End of Virtual PC on the Mac?

2

Comments

  • Reply 22 of 49
    ebbyebby Posts: 3,110member
    The PC card was an actual PC chip that worked with the Mac's PPC chip to launch Windows programs without emulation. Due to heat/space issues of the PCI area, the processors were limited to something around 150Mhz. This was "back in the day" so I suppose laptop processors could be used with a fan or clocked down, but either the cost outweighs the benefits or it is no longer compatible with Apple's latest technology.
  • Reply 23 of 49
    mr. memr. me Posts: 3,221member
    Quote:

    Originally posted by Ebby

    The PC card was an actual PC chip that worked with the Mac's PPC chip to launch Windows programs without emulation. Due to heat/space issues of the PCI area, the processors were limited to something around 150Mhz. This was "back in the day" so I suppose laptop processors could be used with a fan or clocked down, but either the cost outweighs the benefits or it is no longer compatible with Apple's latest technology.



    The real reason that Orange Micro stopped making x86-based coprocessor cards was that there really is a limited market for such an expensive item. Virtual PC pretty much satisfied the needs of users who really needed Wintel compatibility in their Macs.
  • Reply 24 of 49
    ebbyebby Posts: 3,110member
    I remember having a short debate with another kid in High School. I bought VPC, and he bought a PC card for his, uhh, I think it was a 9600. His was faster at PC stuff, but my big advantage was compatibility with future machines. Yet here I sit with OS X, a spiffy new G5, and a VPC box for OS 9. It ended up being cheaper to build my own cheap PC than to fork out the dough for all the upgrades to a software that ran so slow.

    8)
  • Reply 25 of 49
    pbpb Posts: 4,255member


    Nice timing! Thanks SonOfSylvanus.
  • Reply 26 of 49
    pbpb Posts: 4,255member
    Now, could someone "translate" this news from MOSR?



    Quote:



    Good news: Microsoft VirtualPC 7.0 (alpha version) performance on PowerMac G5 is surprisingly good! Even though we have only received a few real-world "wristwatch" benchmarks and preliminary reports from two sources who have recently come into possession of an alpha build of Virtual PC 7.0, the news so far is very good.



    On a single 1.6GHz G5, performance of a broad spectrum of applications and operating systems was roughly comparable to that of a Dual 1GHz G4. On a Dual 1.8GHz model, performance was "astounding," well above and beyond that of a Dual 1.42GHz G4 system -- notably with resource-intensive multi-tasking where the G5's superior bandwidth comes into play. On any Quartz Extreme-class system (Radeon or GeForce accelerator on an AGP bus), applications were reported to take huge advantage of new VPC7 features which route some emulated PC graphics functions directly to the real graphics accelerator hardware -- notably games and professional 3D apps.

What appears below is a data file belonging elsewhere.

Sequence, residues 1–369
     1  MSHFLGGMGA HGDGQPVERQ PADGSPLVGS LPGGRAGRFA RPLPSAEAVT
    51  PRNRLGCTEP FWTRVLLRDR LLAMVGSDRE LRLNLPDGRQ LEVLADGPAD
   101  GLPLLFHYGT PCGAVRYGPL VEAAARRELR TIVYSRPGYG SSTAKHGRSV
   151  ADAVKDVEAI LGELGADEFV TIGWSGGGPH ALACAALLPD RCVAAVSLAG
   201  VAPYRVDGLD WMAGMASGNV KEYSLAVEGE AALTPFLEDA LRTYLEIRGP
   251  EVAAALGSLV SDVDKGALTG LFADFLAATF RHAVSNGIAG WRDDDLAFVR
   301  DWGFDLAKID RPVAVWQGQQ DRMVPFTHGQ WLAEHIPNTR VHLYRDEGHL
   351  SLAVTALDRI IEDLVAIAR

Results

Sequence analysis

Although stability in these alpha builds leaves much to be desired according the reports, and so far neither source has been able to install current builds of Microsoft's Longhorn next-gen operating system, we are expecting more detailed benchmarks and features reports shortly.





    So, what do we have here? VPC7 running on a dual G5 1.8 GHz like VPC6 running on a dual 1.42 GHz G4? Is that surprisingly good or astounding performance? Or do they mean that PC applications in VPC7 on a dual 1.8 GHz are running like their Mac analogs on a dual 1.42 GHz G4? Either way, it does not make sense to me.
  • Reply 27 of 49
    jlljll Posts: 2,713member
    Quote:

    Originally posted by PB



    So, what do we have here? VPC7 running on a dual G5 1.8 GHz like VPC6 running on a dual 1.42 GHz G4?




    Read it again:



    On a single 1.6GHz G5, performance of a broad spectrum of applications and operating systems was roughly comparable to that of a Dual 1GHz G4.



    And:



    On a Dual 1.8GHz model, performance was "astounding," well above and beyond that of a Dual 1.42GHz G4 system
  • Reply 28 of 49
    pbpb Posts: 4,255member
    Quote:

    Originally posted by JLL

    Read it again:



    On a single 1.6GHz G5, performance of a broad spectrum of applications and operating systems was roughly comparable to that of a Dual 1GHz G4.